Every NFL team needs veterans in their locker room, but its important to recognize when a player is past his prime and to make personnel and fiscal adjustments to reflect those changes.
In 2009, along with being one of the league's best teams, the Minnesota Vikings were also one of the oldest and had one of the highest payrolls. After a lackluster 2010 season and a shortened offseason, the Vikings downsized their payroll and got quite younger before moving into 2011. Of course, we all know how those changes reflected their record, but they were necessary changes nonetheless.
To get their salary cap to where it needed to be, the Vikings made three key changes that ultimately gave them the cap space to move forward in a positive way. This included pay-cuts (and eventually releases) for WR Bernard Berrian and S Madieu Williams, and the release of LT Bryant McKinnie—all of whom did not play up to the value of their contracts.
While there aren't as many over-payed players on the roster at this particular moment, there are certainly some players on the Vikings roster that could be in line to lose some money before the 2012 season begins.
Here's a look at seven players that fit this description.
Cornerback Cedric Griffin once looked like he was on his way to being a very solid starter for the Minnesota Vikings. Unfortunately—for both Griffin and the Vikings—two torn ACLs derailed his hopes of being a shut-down corner at the NFL level.
Griffin was retained—to the dismay of many Vikings fans—even after getting burned on a weekly basis and getting benched on more than one occasion in 2011. Presumably, his relationship with head coach Leslie Frazier is the reason for his continued spot on the roster, but its hard to imagine for that to continue if he is a liability moving forward.
If Griffin makes it past 2012 training camp, it wouldn't be surprising to see GM Rick Speilman ask Griffin to re-negotiate his contract in order to stay with the team.
This team needs to improve its secondary and Griffin probably recognizes that as much as anyone. In interviews with both Speilman and Frazier, the powers-that-be have alluded to personnel changes that will occur before the 2012 season.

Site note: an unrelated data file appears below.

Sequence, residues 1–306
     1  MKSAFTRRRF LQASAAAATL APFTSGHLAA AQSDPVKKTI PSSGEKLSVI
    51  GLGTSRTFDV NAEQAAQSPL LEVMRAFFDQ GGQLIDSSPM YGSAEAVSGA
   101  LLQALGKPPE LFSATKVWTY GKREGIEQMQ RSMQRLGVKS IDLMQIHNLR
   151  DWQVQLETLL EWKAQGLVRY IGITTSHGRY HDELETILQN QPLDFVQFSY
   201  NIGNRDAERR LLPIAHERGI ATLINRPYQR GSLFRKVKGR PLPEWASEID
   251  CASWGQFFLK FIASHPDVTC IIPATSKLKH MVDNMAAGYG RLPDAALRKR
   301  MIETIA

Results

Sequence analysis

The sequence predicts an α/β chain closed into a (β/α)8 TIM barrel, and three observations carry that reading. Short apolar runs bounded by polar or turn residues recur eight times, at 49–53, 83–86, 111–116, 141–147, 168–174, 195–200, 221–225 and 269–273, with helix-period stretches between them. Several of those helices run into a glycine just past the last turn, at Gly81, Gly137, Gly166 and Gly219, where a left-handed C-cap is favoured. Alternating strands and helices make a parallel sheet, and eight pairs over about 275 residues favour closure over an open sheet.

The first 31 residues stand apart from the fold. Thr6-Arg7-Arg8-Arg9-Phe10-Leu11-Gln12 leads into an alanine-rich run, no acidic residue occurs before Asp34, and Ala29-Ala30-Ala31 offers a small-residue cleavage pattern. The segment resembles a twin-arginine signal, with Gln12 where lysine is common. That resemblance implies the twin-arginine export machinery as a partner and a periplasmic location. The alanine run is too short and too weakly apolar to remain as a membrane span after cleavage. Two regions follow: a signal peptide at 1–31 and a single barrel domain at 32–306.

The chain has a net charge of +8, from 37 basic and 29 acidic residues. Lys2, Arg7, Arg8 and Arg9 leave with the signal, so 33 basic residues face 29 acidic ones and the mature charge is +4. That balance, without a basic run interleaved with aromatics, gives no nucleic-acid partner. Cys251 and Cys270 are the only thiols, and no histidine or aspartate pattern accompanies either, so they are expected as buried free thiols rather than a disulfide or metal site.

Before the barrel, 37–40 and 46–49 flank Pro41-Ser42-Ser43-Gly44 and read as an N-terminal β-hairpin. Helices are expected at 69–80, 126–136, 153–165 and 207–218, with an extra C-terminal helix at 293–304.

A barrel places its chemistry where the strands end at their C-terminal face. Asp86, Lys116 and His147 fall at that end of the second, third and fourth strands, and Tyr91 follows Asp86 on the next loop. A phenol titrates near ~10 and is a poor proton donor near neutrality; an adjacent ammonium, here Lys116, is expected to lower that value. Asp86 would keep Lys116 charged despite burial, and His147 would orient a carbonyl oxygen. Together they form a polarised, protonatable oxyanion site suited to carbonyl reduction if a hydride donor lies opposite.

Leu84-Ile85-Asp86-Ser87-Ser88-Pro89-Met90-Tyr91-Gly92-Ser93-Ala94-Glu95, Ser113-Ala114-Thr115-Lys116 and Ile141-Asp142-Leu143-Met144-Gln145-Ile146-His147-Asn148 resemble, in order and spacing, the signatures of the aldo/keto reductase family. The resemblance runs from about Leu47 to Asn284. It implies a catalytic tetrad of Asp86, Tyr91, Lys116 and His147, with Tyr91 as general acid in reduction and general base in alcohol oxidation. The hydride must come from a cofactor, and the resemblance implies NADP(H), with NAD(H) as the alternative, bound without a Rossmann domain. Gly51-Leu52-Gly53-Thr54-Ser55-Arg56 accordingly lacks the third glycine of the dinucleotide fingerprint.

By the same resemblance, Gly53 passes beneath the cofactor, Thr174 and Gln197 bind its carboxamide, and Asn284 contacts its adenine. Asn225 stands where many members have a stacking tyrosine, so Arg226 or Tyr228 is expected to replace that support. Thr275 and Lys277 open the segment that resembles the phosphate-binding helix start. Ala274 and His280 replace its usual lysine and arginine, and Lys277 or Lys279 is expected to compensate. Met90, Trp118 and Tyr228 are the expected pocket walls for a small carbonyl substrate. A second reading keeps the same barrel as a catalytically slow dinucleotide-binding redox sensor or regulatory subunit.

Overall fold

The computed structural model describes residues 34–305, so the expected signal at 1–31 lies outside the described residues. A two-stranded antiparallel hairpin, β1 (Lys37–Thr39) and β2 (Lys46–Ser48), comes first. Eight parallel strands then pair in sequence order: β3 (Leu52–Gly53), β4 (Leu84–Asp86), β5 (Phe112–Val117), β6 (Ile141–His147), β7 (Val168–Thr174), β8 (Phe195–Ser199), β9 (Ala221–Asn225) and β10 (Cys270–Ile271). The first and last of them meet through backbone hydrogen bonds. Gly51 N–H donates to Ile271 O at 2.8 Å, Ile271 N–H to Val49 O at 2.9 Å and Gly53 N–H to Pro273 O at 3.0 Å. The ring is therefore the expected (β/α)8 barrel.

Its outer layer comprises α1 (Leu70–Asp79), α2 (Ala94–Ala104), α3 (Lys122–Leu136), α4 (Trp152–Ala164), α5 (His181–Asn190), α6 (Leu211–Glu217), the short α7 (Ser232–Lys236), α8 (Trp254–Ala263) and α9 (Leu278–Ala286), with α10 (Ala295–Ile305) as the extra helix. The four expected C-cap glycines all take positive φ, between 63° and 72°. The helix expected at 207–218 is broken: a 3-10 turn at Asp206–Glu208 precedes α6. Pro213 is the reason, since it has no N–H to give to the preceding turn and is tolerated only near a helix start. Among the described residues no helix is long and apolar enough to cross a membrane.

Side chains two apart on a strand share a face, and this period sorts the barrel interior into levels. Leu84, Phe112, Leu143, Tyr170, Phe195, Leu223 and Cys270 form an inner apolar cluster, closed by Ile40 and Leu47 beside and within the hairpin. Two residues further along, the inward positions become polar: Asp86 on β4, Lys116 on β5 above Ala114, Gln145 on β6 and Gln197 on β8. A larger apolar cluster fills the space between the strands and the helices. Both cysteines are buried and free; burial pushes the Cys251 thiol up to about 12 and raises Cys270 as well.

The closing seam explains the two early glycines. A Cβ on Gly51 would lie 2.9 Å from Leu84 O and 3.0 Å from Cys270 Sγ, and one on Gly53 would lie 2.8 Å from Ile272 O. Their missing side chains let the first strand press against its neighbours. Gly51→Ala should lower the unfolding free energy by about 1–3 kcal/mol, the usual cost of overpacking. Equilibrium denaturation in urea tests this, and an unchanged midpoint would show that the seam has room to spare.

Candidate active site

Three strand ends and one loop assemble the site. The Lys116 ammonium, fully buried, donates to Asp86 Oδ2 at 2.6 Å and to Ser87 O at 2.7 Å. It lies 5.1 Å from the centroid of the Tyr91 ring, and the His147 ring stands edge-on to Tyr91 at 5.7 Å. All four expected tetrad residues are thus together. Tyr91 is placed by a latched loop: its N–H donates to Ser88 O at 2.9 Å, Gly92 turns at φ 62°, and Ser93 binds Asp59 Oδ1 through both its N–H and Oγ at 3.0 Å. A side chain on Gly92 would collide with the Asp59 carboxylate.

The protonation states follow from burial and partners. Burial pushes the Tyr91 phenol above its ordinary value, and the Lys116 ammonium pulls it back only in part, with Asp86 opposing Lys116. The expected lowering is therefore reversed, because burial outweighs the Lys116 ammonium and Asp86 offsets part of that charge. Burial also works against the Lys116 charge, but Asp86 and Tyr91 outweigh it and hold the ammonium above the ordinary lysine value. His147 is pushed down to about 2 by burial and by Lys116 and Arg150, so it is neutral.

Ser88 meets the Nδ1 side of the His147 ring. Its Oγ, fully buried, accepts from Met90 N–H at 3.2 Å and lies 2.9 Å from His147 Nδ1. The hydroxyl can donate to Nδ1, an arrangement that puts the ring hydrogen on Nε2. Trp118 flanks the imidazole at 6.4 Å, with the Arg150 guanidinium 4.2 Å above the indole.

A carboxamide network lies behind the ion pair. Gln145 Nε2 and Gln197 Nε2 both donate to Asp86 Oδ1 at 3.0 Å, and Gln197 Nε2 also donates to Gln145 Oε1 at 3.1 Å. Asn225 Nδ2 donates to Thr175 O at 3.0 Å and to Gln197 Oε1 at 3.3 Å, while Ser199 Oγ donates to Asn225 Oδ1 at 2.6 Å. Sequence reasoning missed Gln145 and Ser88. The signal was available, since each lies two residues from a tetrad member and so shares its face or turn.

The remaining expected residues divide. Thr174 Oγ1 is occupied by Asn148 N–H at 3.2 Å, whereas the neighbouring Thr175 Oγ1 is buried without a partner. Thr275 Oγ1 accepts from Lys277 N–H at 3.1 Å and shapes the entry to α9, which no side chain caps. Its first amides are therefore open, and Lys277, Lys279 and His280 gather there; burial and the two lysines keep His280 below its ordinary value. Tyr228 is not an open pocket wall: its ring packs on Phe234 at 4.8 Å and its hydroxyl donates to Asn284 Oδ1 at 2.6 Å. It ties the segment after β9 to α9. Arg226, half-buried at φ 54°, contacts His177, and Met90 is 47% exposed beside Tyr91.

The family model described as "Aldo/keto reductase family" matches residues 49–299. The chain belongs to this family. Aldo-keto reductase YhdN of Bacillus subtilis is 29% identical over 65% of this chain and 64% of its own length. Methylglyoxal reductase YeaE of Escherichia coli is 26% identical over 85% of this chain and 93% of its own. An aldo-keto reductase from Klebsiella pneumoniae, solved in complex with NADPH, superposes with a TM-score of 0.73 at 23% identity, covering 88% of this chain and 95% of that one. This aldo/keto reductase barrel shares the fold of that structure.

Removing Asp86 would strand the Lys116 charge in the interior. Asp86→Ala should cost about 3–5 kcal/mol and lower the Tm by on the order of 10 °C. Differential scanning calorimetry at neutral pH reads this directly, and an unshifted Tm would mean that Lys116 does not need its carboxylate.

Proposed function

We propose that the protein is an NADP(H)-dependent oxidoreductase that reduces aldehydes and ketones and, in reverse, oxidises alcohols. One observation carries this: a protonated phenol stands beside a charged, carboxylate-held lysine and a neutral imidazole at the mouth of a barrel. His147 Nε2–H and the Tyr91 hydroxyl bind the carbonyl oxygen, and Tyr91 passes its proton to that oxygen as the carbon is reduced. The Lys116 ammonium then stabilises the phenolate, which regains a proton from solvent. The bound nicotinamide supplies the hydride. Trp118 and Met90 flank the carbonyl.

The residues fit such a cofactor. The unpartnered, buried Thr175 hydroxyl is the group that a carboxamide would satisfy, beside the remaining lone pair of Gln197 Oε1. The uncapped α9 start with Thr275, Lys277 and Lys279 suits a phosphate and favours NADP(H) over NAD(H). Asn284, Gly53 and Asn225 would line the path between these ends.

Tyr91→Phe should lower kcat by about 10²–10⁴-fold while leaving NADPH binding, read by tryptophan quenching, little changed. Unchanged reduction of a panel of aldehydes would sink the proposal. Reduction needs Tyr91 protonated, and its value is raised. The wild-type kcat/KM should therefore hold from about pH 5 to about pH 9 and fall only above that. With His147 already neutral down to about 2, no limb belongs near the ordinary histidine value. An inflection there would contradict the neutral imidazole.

If Griffin wants to be in the plans moving forward, he'll gladly accept a pay-cut or risk being released.
In March of 2011, the Vikings signed DE Brian Robison to a three-year, $14.1 Million extension that essentially made him the starter.
Robison didn't play poorly at all in 2011. In fact, he totaled 44 tackles and eight sacks over the course of his first season as a starter. Considering he contributed to the second-best pass-rushing defensive line in the NFL, Robison isn't really in danger of losing his starting role.
On the other hand, DE Everson Griffen provided six sacks in a non-starting role and could compete with Robison for the starting spot opposite defensive POY candidate Jared Allen. Griffen automatically becomes the more preferential option for Rick Speilman, because his contract is significantly smaller, but the call will ultimately be made on play.
If Robison wants to cement himself as the starter in 2012, he may be asked to renegotiate his contract. That's not because he didn't play well, but because the Vikings grossly over-payed him when his contract was extended in 2011.
After looking like a top-five TE in 2009, Visanthe Shiancoe has seen a significant drop in production without Brett Favre. Now that he's a free agent, that could really effect his impending pay-day.
In his contract year (2011), Shiancoe totaled a mere 36 receptions for 409 yards and three touchdowns. That's not terrible, but when you compare it to his 2009 numbers of 56 receptions for 566 yards and 11 touchdowns, its not great either.
Those statistics could've been subject to the inconsistency the Vikings had at QB, but nonetheless, Shiancoe hasn't been the same reliable target he once was.